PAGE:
Common-Coefficient, Panel-Data, or Pooled RegressionsΒΆ

It fairly frequently happens that we have similar data sets collected at different times or in different places. We then may wish to estimate regressions that combine the data sets in various ways. The comcoef command in G7 is designed for this purpose. It allows one to specify a number “common coeficients” in the regressions that follow. The method may be explained best with an example. In the following example, “cps78” and “cps85” are data banks of from the Current Population Surveys of 1978 and 1985, respectively. The first has data on 550 individuals, the second on 534 individuals. We want to regress the logarithm of an individual’s wage, lnwage, on the individuals education, ed. We want the coefficient of lnwage to be the same in both samples, but the interecepts may be different in the two years. Here is what we do.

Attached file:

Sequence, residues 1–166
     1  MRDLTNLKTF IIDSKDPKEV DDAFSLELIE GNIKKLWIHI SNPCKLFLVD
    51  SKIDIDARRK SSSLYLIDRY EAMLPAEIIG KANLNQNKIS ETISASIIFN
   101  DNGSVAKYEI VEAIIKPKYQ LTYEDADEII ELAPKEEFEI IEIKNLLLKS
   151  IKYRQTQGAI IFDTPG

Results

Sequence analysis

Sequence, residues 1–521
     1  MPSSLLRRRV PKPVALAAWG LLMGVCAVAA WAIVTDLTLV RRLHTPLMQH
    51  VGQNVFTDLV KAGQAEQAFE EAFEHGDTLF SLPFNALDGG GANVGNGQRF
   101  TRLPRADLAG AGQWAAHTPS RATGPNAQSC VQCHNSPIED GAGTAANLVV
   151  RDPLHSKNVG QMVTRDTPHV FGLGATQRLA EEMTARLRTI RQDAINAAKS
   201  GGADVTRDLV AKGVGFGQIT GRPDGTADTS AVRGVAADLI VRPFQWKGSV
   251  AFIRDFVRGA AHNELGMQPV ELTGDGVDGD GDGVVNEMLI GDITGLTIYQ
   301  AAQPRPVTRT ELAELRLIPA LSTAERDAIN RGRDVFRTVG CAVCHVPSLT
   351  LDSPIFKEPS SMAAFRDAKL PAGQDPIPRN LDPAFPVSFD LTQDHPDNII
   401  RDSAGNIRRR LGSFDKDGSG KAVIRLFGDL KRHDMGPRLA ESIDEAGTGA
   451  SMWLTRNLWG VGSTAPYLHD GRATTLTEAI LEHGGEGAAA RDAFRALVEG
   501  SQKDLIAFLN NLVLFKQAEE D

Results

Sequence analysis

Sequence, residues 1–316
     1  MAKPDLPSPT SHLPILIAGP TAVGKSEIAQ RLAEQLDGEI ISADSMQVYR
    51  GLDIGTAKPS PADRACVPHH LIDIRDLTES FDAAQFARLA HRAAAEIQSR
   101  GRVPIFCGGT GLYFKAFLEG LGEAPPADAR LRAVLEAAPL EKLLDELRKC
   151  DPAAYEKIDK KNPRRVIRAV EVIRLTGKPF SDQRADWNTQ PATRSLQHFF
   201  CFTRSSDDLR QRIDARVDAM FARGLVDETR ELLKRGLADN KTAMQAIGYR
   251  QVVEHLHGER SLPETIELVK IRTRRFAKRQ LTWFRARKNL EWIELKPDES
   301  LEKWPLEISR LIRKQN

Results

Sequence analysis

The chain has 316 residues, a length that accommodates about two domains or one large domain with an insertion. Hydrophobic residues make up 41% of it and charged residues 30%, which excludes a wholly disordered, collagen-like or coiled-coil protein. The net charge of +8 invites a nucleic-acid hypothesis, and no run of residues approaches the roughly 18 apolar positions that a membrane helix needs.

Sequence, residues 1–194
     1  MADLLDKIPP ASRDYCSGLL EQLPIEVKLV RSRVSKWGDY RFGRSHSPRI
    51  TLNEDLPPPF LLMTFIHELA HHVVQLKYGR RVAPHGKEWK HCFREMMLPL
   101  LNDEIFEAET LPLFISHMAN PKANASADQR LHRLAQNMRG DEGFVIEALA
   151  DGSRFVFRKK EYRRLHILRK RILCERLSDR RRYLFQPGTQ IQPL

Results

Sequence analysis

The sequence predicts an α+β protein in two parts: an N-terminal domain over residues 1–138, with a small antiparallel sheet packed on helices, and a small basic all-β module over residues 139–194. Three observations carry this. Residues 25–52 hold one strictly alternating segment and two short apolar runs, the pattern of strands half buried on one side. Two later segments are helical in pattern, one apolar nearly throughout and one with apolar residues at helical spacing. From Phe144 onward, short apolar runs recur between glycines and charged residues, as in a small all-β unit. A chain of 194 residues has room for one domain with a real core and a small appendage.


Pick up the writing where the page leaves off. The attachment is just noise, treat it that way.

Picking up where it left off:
f one = 1
comcoef 1 4
hbk cps78
lim 1 550
r lnwage = ! ed, one
hbk cps85
lim 1 534
r lnwage = ! ed, one
do

In the comcoef command, the “1” tells the program to use the same coefficient for the first 1 variable(s) in all the following regressions. The “4” is the total number of variables, counting the dependent variable, in the combined or “pooled” regression. Once the comcoef command has been received, G7 accumulates regressions until the do command is reached.

Only a limited list of commands is permitted between the comcoef command and the do command. They are the bank, hbk, lim, f, add, pause, quit, and r commands. The quit command only quits comcoef, not G7.

The comcoef command can be used under the chow command and under the catch command. It also puts the estimated coefficients into the rcoef series in the workspace bank, as usual. It does not enter a series of predicted values into the workspace bank, so gr * will not work following a comcoef regression. Nor are the variable names shown on the display of the results, for in general the variables with a common coefficient may have different names while variables with different coefficients may have the same name, such as “one” in the above example.

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